This morning we finished the hike we started three days ago. Kristen, Heather, Roxie and I reached the summit of the First Flatiron overlooking Boulder. To get an idea of the path we took, look a few posts down at “First Taste of Colorado.” It took us about an hour and a half to reach the end of the 1.2 mile trail, which put us 1,500 feet above the city we started in. We climbed a little beyond the trail’s end, but cresting the final 40′ of the mountain requires a rope and climbing shoes.
Still, the view of Boulder, the surrounding plains and the mountains in the distance was incredible.
We found the Rockies today. Heather was nice enough to lend her VolksWagon to me and Kristen for the day, so we took a road trip.
We drove north of Boulder, through the village of Estes Park and into the Rocky Mountain National Park. We spent four hours driving 29 miles along Trail Ridge Road – the main scenic highway through the park. We came out of the park alongside Grand Lake – a centuries old mining town and resort area, grabbed lunch at Maverick’s Grill and then hooked up with I-70 to head back to Boulder.
The mountains in the Front Range near Boulder are unlike any I’ve seen before, with their red-brown faces and prarie grass hills, but while we were in Colorado Kristen and I really wanted to get a glimpse of the craggy snow-capped peaks that our nation’s western states are famous for. The Rocky Mountain National Park didn’t dissappoint.
What has really stood out to me about the Rockies is the diversity of the terrain. In one drive we saw stony flat mesas; pale red cliffs of dried lava; 8,000-foot peaks covered in spruce and fir trees standing alongside barren, 13,000-foot mountains still cloaked in a remnant of the ice and snow that fell months earlier, all separated by endless plains of prarie grass and piles of clay boulders that loomed over our lime-green Beetle.
Seeing the Rockies for the first time, I instinctively want to compare them to the mountain ranges I’ve already experienced. At first glance, I want to say they are more impressive than the Appalachians and not quite as breathtaking as the Alps. Neither of those statements are really true. The more I travel and experience places, the more I realize just how unique every spot on Earth really is.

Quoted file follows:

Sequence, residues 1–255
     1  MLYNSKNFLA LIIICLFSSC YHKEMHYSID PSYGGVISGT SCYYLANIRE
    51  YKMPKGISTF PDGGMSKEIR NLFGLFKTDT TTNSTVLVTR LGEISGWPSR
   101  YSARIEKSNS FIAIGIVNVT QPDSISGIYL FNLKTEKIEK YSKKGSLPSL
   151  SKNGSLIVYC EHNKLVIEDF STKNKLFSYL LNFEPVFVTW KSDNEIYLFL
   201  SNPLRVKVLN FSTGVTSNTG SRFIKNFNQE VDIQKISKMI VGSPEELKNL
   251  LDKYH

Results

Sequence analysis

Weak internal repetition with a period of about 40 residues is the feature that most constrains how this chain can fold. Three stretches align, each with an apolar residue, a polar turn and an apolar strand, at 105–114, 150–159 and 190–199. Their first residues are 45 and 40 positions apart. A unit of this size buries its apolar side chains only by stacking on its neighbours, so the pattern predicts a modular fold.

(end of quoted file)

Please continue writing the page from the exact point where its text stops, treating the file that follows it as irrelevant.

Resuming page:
For a skier or rockclimber, the size of the Rockies will certainly add to their draw. For the casual observer, day hiker, photographer, vacationer or general mountain nut, I would have to say that the mountains of Colorado are no more or less attractive than their East Coast counterparts. They are just completely different, and definitely worth seeing for yourself.
Following an uneventful day of flying, Kristen and I arrived in Denver at 5:20 Monday afternoon. Sam and Heather were waiting for us at the gate. Sam is starting his last semester at the University of Colorado this month and we wanted to take the time to come visit before they move back to North Carolina.
Neither of us had been anywhere near the Rockies before and we were a little surprised that we didn’t see a single mountain on our way to Denver. We were even more surprised that we didn’t see any on our way from the airport to our hosts’ apartment in Westminster.
After living in the Appalachian Mountains for four years, I had imagined Colorado to be just like the mountainous areas of the East Coast, only more so – twice as windy, twice as cool, with scenery twice as dramatic. Not neccessarily so. For the few people out there who, like me one day ago, don’t already know, the eastern half of Colorado is as flat as Kansas and hotter than North Carolina. The high today in Boulder was almost ten degrees warmer than at our home in Benson. These surprises weren’t dissappointments though. It’s always exciting to experience a new place, and to gain so much new knowledge off the bat reminds me why I wanted to travel in the first place (besides catching up with great friends, which was the main point of this trip).
This morning we did get to see some mountains. The foothills of the Rockies are just visible from Sam’s and Heather’s balcony. Heather took Kristen and I to see the Flatirons on the outskirts of Boulder while Sam was at work. We hiked around the base, but we got too late of a start and didn’t bring enough water to make it to the top. The mountains are not the image of snow-capped peaks and spruce trees that come to mind when thinking of the Rockies but they are just as dramatic. They are called the Flatirons because three of the large rock outcroppings look like the bottom sides of clothes irons.
After the hike we met up with Sam, lounged around at the pool, fried fish and played a friendly game of monopoly. I won.